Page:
Because it cannot be stored for too long, you will often find that your GP will treat a number of patients one after the other. 

For more information click here.

Travel Health Advice

Another service offered to you at your GP surgery (primary care practice) is advice and immunisation before you go to another country. While you are likely to have the immunisations needed to live in New Zealand, there may be other injections you need to protect yourself before going for example to Africa or South America. In some places you will need protection from rabies or malaria. Yellow fever vaccinations are only available at approved centres; please click here to view the centres in New Zealand. Your doctor will be able to tell you what diseases you will need to be protected from in any named country and advise you on other medical matters.

Another service offered to you at your GP surgery (primary care practice) is advice and immunisation before you go to another country. While you are likely to have the immunisations needed to live in New Zealand, there may be other injections you need to protect yourself before going for example to Africa or South America. In some places you will need protection from rabies or malaria. Yellow fever vaccinations are only available at approved centres; please click here to view the centres in New Zealand. Your doctor will be able to tell you what diseases you will need to be protected from in any named country and advise you on other medical matters.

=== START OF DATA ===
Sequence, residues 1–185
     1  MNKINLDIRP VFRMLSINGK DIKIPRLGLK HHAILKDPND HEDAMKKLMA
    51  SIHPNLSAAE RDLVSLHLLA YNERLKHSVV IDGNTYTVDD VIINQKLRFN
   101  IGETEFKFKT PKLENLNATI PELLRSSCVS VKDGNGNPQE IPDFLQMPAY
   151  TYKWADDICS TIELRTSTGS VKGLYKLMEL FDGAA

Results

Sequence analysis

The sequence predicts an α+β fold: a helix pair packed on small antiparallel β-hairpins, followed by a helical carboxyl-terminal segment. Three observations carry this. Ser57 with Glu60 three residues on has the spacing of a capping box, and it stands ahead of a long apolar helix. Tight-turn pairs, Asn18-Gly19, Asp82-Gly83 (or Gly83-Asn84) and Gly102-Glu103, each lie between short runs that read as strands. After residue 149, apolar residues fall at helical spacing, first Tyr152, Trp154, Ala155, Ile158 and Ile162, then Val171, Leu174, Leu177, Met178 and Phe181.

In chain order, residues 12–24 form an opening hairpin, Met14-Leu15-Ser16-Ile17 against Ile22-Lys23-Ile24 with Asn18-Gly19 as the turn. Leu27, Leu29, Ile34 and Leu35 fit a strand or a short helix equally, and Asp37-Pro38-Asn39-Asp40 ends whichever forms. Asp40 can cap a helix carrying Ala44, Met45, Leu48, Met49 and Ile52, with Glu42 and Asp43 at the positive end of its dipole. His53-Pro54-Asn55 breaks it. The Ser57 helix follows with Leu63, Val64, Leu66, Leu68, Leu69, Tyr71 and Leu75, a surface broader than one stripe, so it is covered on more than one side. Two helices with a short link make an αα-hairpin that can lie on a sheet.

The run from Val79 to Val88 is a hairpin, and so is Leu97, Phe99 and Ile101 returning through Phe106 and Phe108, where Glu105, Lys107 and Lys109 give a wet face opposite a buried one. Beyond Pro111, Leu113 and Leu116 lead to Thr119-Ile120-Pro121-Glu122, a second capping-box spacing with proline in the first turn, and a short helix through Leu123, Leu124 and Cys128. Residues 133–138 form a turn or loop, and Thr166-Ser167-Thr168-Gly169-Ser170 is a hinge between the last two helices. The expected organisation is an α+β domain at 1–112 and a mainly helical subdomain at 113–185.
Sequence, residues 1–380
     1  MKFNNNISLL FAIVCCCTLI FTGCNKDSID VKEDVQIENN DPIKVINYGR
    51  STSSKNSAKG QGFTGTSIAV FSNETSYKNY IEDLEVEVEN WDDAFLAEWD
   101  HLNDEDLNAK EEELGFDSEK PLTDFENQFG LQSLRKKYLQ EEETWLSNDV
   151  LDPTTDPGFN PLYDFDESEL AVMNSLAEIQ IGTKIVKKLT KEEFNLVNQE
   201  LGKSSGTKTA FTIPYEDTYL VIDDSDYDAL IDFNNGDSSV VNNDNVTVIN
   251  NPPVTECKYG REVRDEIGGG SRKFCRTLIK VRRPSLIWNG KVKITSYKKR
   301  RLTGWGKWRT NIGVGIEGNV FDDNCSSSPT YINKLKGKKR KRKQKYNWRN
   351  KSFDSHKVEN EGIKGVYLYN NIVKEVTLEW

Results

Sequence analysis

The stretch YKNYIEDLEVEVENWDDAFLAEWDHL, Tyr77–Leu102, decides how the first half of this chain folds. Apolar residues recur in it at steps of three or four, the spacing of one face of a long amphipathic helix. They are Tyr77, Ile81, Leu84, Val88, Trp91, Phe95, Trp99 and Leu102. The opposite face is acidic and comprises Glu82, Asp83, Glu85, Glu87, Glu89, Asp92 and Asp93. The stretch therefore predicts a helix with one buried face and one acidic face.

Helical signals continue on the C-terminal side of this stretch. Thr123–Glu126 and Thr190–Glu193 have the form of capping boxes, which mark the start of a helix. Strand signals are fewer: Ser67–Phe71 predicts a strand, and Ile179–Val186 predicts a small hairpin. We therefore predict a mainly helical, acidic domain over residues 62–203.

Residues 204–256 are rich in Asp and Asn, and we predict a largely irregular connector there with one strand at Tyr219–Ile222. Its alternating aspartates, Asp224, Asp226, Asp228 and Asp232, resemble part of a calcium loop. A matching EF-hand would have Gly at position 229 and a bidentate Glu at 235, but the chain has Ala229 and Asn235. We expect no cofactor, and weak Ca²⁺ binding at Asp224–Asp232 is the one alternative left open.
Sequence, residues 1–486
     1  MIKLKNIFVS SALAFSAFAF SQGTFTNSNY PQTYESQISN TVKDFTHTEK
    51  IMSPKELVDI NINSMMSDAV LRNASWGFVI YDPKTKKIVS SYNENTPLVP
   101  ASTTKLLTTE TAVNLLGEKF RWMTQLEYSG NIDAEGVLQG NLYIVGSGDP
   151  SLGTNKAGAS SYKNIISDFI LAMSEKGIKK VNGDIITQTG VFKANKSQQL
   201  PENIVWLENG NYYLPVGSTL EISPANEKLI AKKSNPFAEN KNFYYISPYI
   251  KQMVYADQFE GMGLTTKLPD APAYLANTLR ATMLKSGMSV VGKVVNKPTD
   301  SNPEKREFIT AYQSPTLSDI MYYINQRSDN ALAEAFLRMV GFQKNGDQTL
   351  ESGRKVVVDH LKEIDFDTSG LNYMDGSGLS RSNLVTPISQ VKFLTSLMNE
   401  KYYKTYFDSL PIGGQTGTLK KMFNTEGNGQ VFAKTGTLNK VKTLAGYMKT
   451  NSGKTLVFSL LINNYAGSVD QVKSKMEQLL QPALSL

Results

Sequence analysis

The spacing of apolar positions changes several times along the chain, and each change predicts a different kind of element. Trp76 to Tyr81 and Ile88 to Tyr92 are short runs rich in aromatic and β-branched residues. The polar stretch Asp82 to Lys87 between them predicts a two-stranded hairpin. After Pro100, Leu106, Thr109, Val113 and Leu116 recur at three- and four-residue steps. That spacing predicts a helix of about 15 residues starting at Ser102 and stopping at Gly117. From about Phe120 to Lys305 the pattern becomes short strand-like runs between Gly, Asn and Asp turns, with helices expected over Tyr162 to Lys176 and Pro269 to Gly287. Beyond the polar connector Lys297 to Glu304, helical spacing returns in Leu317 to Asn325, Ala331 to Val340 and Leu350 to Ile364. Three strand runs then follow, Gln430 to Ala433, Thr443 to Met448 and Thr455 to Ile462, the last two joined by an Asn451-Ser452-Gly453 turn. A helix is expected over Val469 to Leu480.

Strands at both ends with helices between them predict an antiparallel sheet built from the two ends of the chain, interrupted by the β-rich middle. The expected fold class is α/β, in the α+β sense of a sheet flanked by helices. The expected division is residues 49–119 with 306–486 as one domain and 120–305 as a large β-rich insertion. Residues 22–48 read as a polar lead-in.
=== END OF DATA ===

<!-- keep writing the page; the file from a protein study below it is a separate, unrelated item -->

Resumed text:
Disability Assistance

Wheelchair access

Contact Details

8:30 AM to 5:00 PM.

3 Walsh Street
North Dunedin
Dunedin
Otago 9016

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Street Address

3 Walsh Street
North Dunedin
Dunedin
Otago 9016

Postal Address

Student Health
University of Otago
PO Box 56
Dunedin 9054

This page was last updated at 10:21AM on December 11, 2023. This information is reviewed and edited by Otago University Student Health.